# Partial Derivatives:

## Homework Statement

Given:
$$\varphi(t)$$ – differentiable function.
$$z=z(x,y)$$ – differentiable function.

And there is the following equation:

$$x^2 + y^2 + z^2 = \varphi (ax+by+cz)$$

where $$a,b,c$$ are constants,

Prove that:

$$(cy - bz)\cdot \frac {\partial z}{\partial x} + (az-cx)\cdot \frac{\partial z}{\partial y} = bx - ay$$

## The Attempt at a Solution

I tried to take partial derivatives of both sides with respect to x and then with respect to y. But I don't know how to differentiate the right-hand side of the equation.
Also if I did, what should I had done next?

diazona
Homework Helper
Well, first things first: do you know the chain rule?

In your case, it says that
$$\frac{\partial\varphi}{\partial x} = \frac{\partial\varphi}{\partial t}\frac{\partial t}{\partial x}$$
and similarly for y. Use that on the right side and see what you get. (I'm not sure the solution will pop out of that but it is probably worth trying, at least)

Yep, I know that chain rule. We get:

$$2x + 2z \frac{ \partial z }{ \partial x } = \frac{ \partial \varphi } { \partial t } \left( a + c \cdot \frac{ \partial z }{ \partial x } \right)$$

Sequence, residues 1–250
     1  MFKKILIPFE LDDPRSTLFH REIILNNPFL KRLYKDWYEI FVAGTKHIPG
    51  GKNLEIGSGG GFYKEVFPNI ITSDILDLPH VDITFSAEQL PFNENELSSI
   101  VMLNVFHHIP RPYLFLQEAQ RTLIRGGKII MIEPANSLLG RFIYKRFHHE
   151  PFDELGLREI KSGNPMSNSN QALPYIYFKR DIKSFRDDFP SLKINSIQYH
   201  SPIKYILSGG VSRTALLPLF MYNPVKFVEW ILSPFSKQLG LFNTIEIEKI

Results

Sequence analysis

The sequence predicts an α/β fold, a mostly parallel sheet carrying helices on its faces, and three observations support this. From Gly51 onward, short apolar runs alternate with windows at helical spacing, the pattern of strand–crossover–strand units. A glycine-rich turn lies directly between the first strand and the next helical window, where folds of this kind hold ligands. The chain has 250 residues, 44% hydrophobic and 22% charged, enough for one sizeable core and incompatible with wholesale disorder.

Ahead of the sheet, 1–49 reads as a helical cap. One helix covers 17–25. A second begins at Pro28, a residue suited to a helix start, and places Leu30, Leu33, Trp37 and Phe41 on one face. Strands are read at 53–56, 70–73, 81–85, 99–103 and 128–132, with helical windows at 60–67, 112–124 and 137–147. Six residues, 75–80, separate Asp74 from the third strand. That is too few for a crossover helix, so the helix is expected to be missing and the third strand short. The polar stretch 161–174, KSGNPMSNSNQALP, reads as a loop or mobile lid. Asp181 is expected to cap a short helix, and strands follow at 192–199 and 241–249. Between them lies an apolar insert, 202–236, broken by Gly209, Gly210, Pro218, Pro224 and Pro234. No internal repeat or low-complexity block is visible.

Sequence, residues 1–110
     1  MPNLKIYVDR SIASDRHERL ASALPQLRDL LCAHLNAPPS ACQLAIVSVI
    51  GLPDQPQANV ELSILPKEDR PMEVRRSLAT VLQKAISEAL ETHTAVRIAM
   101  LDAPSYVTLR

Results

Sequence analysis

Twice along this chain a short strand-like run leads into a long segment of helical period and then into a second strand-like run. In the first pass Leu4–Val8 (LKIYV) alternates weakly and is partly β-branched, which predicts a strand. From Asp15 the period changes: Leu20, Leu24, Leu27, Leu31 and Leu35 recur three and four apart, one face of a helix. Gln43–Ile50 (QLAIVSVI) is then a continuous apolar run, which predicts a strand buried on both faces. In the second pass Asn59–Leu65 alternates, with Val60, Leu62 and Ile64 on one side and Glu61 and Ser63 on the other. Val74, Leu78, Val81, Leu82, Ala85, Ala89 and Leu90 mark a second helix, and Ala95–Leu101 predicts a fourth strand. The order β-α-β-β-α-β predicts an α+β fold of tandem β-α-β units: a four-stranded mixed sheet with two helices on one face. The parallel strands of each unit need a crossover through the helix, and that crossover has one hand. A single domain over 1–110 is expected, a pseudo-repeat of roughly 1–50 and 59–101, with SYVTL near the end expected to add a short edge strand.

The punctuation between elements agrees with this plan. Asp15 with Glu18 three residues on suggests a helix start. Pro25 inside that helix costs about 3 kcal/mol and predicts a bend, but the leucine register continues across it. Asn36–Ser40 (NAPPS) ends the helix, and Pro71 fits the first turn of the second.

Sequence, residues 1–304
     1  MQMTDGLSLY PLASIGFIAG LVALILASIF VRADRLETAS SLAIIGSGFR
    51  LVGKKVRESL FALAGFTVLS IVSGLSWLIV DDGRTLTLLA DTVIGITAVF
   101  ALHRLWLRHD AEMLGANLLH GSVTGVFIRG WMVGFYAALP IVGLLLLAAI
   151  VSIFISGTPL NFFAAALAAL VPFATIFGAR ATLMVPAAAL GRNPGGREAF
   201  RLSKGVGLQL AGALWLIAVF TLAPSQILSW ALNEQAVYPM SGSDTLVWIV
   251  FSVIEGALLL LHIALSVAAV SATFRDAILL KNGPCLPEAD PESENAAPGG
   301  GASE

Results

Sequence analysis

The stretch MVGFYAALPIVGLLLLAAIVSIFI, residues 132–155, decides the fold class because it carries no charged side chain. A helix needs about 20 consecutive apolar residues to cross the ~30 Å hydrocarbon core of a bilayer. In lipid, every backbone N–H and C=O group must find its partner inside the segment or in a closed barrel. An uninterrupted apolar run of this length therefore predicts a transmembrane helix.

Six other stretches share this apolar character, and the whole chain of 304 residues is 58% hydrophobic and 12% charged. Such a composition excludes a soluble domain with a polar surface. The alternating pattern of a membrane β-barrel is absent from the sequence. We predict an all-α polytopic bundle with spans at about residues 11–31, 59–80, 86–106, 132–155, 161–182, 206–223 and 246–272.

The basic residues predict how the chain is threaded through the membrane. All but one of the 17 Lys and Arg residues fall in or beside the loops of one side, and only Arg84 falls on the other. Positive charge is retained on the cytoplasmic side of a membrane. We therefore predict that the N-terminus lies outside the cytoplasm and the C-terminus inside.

and:

$$2y + 2z \frac{ \partial z }{ \partial y } = \frac{ \partial \varphi } { \partial t } \left( b + c \cdot \frac{ \partial z }{ \partial y } \right)$$

From here I have no idea how to continue. What should I do?

Hint: You did the hard part already! :)

Spoiler below:

Solve each equation for $$\frac{ \partial \varphi } { \partial t }$$ and ....

What do you mean to solve the equation "for" something?
I suppose I could isolate the $$\frac{\partial \varphi}{\partial t}$$ if I knew it's multiplier wasn't zero...

Edit:
I did that. It leads to nothing.
It's obvious that I miss something obvious but after a week on this problem and a dead-line of 2 days ahead, I am in doubt I could solve it.

Last edited: